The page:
But it’s fair to want to run a plate of spaghetti as a GM, too. You’re presumably running the game to have fun…

  25. Good set of questions!

    I do enjoy Ask Angry, and like many here I think it’s at its best when you answer 3-4 short questions. If you went on a longer rant about a single question, I’d rather see that as a BS article or a feature article, with more polish and thought. Maybe put a little note in that says the topic was inspired by an email.

  26. Thank you for answering my question, Angry, and linking to the Attack of the Genericons article — I’m still working my way through the archives, so knowing exactly where to go was very helpful and enlightening, as per usual.

    What you point out regarding how CR applies to one individual creature, and how Pack Tactics only activates when the creature has allies, is a good rationalization of why Pack Tactics would go unaccounted for in the Kobold or Wolf CR. Still, reading about the conception and birth of the CR system, I now know the formulas are more like guidelines rather than rules and will take them as such going forward.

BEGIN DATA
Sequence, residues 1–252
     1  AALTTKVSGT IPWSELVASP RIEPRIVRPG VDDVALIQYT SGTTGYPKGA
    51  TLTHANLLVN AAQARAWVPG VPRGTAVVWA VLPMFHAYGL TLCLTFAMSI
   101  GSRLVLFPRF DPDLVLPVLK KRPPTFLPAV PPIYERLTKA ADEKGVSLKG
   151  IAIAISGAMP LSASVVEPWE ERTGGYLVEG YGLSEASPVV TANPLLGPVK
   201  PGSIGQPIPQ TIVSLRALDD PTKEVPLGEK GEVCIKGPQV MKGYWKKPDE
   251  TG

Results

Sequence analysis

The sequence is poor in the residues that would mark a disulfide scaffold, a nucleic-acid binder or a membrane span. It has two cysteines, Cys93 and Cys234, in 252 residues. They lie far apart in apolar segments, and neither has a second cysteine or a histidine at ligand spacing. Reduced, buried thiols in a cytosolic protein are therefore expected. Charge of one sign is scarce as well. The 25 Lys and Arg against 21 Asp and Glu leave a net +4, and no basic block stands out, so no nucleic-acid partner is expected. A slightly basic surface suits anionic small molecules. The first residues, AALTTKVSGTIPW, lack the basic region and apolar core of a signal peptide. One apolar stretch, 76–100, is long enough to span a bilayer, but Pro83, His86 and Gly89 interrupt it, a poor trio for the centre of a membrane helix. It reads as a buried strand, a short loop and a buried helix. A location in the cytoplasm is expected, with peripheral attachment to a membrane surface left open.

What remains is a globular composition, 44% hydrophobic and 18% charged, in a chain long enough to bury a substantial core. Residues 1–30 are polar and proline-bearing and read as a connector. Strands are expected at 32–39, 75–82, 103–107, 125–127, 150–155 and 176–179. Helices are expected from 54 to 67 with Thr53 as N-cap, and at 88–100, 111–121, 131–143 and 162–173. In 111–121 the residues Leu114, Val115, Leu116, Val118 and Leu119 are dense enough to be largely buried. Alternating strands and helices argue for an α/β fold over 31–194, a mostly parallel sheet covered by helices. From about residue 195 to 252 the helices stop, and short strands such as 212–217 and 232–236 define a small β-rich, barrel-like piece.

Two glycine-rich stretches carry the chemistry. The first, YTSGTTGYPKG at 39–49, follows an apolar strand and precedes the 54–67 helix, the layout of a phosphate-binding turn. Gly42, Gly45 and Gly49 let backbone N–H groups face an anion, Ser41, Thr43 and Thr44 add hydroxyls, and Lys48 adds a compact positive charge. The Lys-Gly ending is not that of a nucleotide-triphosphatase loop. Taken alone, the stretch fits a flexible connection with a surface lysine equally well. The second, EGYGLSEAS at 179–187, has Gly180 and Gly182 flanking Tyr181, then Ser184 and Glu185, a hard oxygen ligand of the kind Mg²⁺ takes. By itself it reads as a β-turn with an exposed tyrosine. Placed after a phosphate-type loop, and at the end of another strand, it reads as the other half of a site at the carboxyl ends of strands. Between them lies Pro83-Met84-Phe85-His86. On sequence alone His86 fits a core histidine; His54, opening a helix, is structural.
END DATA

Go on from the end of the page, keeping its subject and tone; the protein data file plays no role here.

I’d like to add my voice to the chorus of people who’ve stated they enjoy the Ask Angry articles, especially the ones that address several questions briefly. Like other articles they are helpful, but can be consumed a bit more casually, which is nice to do from time to time.

    Quack! (Again, thanks)

  27. The first question finally made me realize why I really do not enjoy sandboxes all that much, at least ones that are poorly thought out or are in the early stages. Without a structure there’s really nothing for my choices(as a player obviously) to reverberate off of and affect down the road, everything is too localized, thus I really don’t feel the impact of them in any meaningful way throughout the adventure.